In January 2017, I started eating a ketogenic diet (i.e. low carb, high fat). I did so because I was struggling to lose weight and was intrigued by the idea of doing so without hunger, even if it meant eliminating entire categories of food from my diet.
Eleven months later, I am down over 30 pounds and can confirm that when you stick to very low carb foods, you can lose weight without being hungry all the time.
With the holidays approaching, however, I was a little nervous that I would be tempted by all the high-carb goodies making their way into the office or that will be on offer at holiday festivities. How do I stay motivated? Below are the four reasons I came up with to not indulge.
What is a Ketogenic Approach to Eating?
But first—for people who are new to Keto—as discussed in my post The Keto Life When You Hate to Cook, Keto is a low carb, high fat diet. Carbs are found not just in grains and rice but in sugar so it is easier to list the foods you can eat on Keto than the ones you can’t:
- Meat (all types)
- Most vegetables that grow above ground
- Hard cheeses, Ricotta Cheese
- Avocados and Tomatoes
- Nuts (about 1/2 cup a day)
- Small amounts of: sour cream, butter, mayo, spicy mustard, olive oil, coconut oil, unsweetened flaked coconut, creamy dressings, almond flour, and cream.
I know it seems limited but you would be surprised by how many yummy Keto recipes there are out there. I am not a cook but one source for such recipes is a site I used when I was getting started, www.dietdoctor.com.
Four Top Reasons for Staying Keto During the Holidays
When I brainstormed reasons to not take a break from Keto during the holidays, I came up with what I thought were four very persuasive ones. If you have others, post them in the comment section below!
Reason #1: Achieving Ketosis May Be Harder the Second Time Around
The way I understand it—and admittedly, I am not a health professional—Keto isn’t a diet like Weight Watchers or Jenny Craig. When you enter a state of ketosis, it means your body is now using ketones for fuel instead of glucose.
If you are like me and have insulin issues, it took time for your body to adapt to doing this. If you go back to eating a high carb diet, not only will it cause your body to switch back to using glucose but from what I have read, the next time you try to adapt it will be harder to achieve ketosis.
This may not be true for you but if it is, do you really want to take that chance for a handful of cookies? I sure don’t! For me, Keto has meant—in addition to weight loss—more energy, clearer thinking, and what I consider the first normal relationship with food I can remember having (e.g., being able to stop when I am full, not feeling the need to binge). I won’t give these benefits up without a fight!
Reason #2: The Food May Not Be as Tasty As You Remember it Being
I don’t know if this has been your experience but since I started eating Keto, my taste buds have changed. Foods—especially sweets—that I used to love just don’t taste as good.
For example, while I don’t usually drink soda, I was in an airport late one evening and wanted something to drink other than water so grabbed a diet Mountain Dew. It wasn’t a drink I had often before Keto but it had been one I liked. This time, I couldn’t even drink a third of it before giving up. The flavors just weren’t the same.
And this isn’t the only time I have experienced this. Tomatoes are practically a dessert now they are so sweet, and super bitter chocolate tastes almost like a Hershey’s kiss.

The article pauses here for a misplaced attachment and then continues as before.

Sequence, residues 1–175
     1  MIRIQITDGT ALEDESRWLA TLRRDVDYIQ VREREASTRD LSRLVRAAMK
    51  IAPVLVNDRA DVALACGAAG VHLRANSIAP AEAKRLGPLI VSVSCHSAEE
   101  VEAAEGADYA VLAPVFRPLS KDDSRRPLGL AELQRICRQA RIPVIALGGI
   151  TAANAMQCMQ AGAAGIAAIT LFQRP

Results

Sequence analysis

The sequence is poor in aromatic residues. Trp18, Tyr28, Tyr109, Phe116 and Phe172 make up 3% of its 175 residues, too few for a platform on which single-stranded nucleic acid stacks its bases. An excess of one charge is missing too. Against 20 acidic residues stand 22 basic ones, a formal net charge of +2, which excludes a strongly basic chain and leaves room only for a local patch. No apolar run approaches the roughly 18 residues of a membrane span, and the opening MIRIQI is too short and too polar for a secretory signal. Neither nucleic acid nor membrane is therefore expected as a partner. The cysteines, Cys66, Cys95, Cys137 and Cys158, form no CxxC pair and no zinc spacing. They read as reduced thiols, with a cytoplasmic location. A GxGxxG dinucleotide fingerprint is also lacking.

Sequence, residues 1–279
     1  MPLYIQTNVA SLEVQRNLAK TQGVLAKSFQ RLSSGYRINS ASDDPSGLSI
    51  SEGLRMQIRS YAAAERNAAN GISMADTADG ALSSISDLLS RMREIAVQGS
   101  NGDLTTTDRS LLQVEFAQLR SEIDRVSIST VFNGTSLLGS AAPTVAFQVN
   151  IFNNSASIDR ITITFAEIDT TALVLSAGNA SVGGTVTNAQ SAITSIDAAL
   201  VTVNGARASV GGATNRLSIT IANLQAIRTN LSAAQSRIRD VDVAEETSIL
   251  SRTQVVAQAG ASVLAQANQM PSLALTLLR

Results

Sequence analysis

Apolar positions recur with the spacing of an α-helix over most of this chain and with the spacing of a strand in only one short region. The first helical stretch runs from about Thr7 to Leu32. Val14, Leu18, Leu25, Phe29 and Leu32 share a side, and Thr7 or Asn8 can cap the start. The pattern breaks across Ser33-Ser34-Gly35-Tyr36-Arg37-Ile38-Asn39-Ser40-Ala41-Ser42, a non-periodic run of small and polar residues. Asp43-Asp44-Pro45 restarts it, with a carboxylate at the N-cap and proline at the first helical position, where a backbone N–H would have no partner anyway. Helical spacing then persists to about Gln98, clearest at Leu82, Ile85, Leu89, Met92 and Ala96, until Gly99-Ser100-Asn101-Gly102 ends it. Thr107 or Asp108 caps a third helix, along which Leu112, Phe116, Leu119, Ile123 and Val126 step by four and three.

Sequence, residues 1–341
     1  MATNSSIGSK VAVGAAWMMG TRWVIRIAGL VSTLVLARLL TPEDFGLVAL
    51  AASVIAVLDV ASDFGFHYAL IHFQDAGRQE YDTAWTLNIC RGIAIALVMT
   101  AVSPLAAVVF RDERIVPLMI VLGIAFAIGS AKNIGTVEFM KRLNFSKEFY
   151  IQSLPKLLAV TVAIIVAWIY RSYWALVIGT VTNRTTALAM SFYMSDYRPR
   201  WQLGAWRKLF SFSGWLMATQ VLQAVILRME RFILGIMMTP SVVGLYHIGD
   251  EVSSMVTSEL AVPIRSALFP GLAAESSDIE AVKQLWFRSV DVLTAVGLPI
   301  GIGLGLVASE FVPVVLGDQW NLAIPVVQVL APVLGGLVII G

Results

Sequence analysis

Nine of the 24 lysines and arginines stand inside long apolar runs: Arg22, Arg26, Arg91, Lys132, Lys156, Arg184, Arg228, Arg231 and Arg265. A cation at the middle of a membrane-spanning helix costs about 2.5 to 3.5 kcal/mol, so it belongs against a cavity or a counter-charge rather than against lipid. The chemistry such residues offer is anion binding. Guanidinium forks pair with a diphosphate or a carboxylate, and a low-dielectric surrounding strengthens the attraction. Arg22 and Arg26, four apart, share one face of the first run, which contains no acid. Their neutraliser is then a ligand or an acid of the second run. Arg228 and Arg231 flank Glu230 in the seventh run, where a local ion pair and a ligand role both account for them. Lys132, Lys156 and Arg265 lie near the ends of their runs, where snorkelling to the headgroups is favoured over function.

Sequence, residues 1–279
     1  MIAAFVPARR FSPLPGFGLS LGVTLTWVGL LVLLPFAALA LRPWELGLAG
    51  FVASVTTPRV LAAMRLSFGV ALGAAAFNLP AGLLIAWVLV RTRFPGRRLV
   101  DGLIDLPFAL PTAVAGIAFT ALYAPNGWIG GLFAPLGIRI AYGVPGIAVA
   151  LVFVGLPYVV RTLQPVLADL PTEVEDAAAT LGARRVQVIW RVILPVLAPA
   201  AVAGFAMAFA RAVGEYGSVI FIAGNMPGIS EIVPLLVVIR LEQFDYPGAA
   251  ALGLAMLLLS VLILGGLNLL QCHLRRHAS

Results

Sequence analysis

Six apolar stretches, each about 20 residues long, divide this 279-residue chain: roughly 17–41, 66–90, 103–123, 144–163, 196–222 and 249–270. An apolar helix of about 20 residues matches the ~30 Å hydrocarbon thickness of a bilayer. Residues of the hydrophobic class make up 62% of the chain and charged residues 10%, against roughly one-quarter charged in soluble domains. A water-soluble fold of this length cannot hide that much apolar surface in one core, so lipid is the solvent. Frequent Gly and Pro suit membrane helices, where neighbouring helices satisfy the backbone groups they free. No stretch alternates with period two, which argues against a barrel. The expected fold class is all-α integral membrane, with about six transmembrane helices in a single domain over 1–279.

If the food isn’t going to taste absolutely amazing, then there is no way I am giving up all that I have gained to eat it.
Reason #3: It Makes It Easier to Take a Break from Keto in the Future
I have often read that it takes 28 days to establish a habit. I don’t know if that is true but I know from personal experience that breaking a habit doesn’t take nearly that long.
In her book, Better than Before, Gretchen Rubin has a whole chapter on “loop-hole spotting,” and notes that it is human nature to seek loopholes:
Even when we’re deeply committed to a good habit, even when we enjoy that habit, we’re often seeking possible justifications to excuse ourselves from it…just this once. With a little ingenuity, there’s a loophole for every occasion.”
Face it: not every day between Thanksgiving and New Years is a special day. If you treat it as such, then when the new year starts and you are trying to re-establish the habit, just think how much easier it will be to deem all Tuesdays special, or Friday nights, or any other day when your are faced with a box of donuts or a platter of nachos. Just stay the course.
Reason #4: It Will Likely Result in Weight Gain
Ultimately, for me this may be the most persuasive reason of all: I don’t want to gain back any of the weight I have lost. If you are younger and have a faster metabolism, this may not matter as much to you but as someone in her 40s, I have to fight for every loss on the scale.
I like my clothes fitting better, and not getting out of breath walking with my friends. I like that my joints don’t ache as much and that I don’t have to worry if the seat belt on the plane will close.
I like these things more than I like cake and pie and even sugar cookies in the shape of snowmen decorated with frosting and little candies. This is my motivation.
Hopefully these reasons resonated with you and will give you the motivation you need to plan ahead when you go to your office holiday party, or are serving up mashed potatoes to your carb-eating relatives.
Staying Keto isn’t depriving yourself this holiday season but giving yourself one of the best gifts of all: health.